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Time to Bring Down the Curtain on Green Theatre

April 21, 2014

“Sustainability is a topic that IBM’s really passionate about. Our view is that we now live in a world that’s becoming a system of systems and that is a world of multiplicity and diversity. Given that, we believe that for effective action there’s got to be collaboration across organizations, not just within one specific organization.”

English translation:

At IBM we can get some mileage out of sustainability. The world is complicated. Really  complicated. So stop looking at us and make other companies help too.

Let’s pick it apart a little more. IBM is passionate? Really? Companies are not passionate. People are passionate. But if that first sentence is bullshit then the second is the whole damn pasture.  In fact, it’s so artful that I’m almost sad I didn’t write it.  As an aside, folks, if your job is to come up with steaming piles like this, The Corporate Bullshit Generator is a great site to help you crank out the methane.

This bit of compost is just a tiny excerpt from the manure spreading panel of CEOs who discussed sustainability in Forbes a few years ago.

While many of these CEOs have headed off to other paddocks, the Green Theatre their corporations and thousands of others have created is thriving and seems to make more noise than usual around Earth Day each year.  But a much more subtle version oozes out of marketing departments these days without so much as a care about whether or not it’s total BS. Are you an extra in your company’s Green Theatre production for this year? If you’re not sure, here is a quick test:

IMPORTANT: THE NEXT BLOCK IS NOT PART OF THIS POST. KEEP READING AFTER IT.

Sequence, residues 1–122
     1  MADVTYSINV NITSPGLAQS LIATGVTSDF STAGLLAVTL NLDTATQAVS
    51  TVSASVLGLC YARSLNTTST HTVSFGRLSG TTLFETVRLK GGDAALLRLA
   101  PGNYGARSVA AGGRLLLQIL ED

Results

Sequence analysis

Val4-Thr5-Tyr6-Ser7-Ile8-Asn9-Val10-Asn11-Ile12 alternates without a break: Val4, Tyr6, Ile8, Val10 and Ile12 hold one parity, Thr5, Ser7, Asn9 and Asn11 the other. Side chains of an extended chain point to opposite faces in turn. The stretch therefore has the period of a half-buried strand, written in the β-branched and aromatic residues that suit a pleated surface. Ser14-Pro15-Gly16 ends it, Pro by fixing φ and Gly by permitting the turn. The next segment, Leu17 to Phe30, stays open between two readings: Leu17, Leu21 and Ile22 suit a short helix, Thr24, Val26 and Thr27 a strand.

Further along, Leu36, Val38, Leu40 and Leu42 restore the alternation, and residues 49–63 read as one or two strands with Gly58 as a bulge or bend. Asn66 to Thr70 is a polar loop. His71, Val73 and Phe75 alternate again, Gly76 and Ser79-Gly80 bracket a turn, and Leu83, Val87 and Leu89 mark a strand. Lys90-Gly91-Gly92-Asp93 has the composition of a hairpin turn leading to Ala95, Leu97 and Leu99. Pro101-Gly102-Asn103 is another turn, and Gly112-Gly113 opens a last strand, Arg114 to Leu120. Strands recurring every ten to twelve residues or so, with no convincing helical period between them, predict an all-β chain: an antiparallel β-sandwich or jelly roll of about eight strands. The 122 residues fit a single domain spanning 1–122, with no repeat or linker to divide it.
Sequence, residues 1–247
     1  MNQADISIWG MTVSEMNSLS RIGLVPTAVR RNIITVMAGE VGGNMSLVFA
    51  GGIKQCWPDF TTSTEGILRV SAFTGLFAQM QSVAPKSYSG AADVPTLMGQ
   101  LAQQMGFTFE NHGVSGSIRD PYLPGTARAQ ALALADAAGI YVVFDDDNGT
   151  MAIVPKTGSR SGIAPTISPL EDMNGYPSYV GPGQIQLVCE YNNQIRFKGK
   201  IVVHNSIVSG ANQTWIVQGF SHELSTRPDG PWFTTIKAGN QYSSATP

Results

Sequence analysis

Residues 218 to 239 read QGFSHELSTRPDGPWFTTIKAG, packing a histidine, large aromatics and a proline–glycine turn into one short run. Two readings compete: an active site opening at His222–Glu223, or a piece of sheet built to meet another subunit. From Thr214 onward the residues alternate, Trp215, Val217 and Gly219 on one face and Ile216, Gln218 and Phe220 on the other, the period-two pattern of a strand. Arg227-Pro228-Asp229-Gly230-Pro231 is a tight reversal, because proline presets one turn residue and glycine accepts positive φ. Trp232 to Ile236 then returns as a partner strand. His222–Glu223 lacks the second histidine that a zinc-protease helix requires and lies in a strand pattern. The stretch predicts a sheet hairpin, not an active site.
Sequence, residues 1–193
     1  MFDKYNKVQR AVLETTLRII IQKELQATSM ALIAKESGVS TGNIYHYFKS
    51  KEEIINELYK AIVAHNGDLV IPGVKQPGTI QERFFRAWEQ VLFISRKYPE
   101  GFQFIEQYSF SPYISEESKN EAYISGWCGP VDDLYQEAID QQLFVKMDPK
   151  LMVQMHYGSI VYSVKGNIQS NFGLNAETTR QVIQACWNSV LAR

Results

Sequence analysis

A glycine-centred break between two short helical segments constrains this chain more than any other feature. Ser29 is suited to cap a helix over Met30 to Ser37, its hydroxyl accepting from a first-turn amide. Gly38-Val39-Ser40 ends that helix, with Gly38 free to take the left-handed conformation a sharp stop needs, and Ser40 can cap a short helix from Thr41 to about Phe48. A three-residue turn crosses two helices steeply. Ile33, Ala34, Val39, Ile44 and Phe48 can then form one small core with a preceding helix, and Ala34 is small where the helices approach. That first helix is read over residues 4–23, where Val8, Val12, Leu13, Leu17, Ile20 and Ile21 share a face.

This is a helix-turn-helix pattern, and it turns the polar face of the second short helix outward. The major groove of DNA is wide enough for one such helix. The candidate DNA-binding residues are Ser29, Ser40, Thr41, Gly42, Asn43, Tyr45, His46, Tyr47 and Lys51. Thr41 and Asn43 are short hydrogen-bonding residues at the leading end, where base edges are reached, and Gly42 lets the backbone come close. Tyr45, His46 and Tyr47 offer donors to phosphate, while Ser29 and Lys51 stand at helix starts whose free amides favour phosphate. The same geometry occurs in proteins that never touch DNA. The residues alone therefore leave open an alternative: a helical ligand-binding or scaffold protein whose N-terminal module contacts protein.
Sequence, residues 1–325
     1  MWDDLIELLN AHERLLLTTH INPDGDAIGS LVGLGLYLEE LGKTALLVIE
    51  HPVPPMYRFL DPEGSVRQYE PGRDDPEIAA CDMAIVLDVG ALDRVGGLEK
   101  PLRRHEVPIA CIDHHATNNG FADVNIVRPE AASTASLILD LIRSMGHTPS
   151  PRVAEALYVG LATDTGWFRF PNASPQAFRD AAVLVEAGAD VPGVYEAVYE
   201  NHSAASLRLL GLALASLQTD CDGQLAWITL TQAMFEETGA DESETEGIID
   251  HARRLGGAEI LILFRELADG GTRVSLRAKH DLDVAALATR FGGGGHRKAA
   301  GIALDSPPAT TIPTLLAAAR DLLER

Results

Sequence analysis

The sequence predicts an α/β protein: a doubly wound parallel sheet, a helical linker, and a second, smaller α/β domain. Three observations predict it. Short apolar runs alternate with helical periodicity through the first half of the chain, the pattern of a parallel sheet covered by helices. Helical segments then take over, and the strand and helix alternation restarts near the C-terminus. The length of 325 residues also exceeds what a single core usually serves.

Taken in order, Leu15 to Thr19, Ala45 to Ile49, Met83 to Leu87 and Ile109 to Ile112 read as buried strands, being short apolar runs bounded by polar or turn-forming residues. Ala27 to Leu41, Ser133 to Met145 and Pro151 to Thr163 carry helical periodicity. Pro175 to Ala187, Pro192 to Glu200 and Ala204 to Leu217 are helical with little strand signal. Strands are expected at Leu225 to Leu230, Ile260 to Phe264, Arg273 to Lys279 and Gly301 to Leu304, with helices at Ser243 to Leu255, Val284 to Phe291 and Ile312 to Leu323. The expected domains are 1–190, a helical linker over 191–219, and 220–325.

Question One:

Green Theatre BS

Are you justifying forcing your customers to conduct their business with you online on the basis of all the paper you’re saving?

Question Two:

Green theatre

Do you have a multi-page brochure with pictures of trees and deer that explains your company’s deep commitment to Mother Earth? This beauty uses almost a square meter of cardboard to explain Fairmont’s environmental efforts.

Question Three:

Are you undercutting your “create less waste” message in your pretty brochure by creating paper jackets for things like, say, remote controls?

Are you undercutting your “create less waste” message in your pretty brochure by creating paper jackets for things like, say, remote controls?

Question Four:

Do you send plastic promo junk out surrounded by more plastic foam so the plastic junk doesn’t break before the recipient has a chance to throw it away?

Do you send plastic promo junk out surrounded by more plastic foam so the plastic junk doesn’t break before the recipient has a chance to throw it away?

Question Five:

Have you recently changed your logo to look less like a sheriff’s badge and more like a flower?

Have you recently changed your logo to look less like a sheriff’s badge and more like a flower?

Question Six:

Do people around the world hold marches specifically against your company?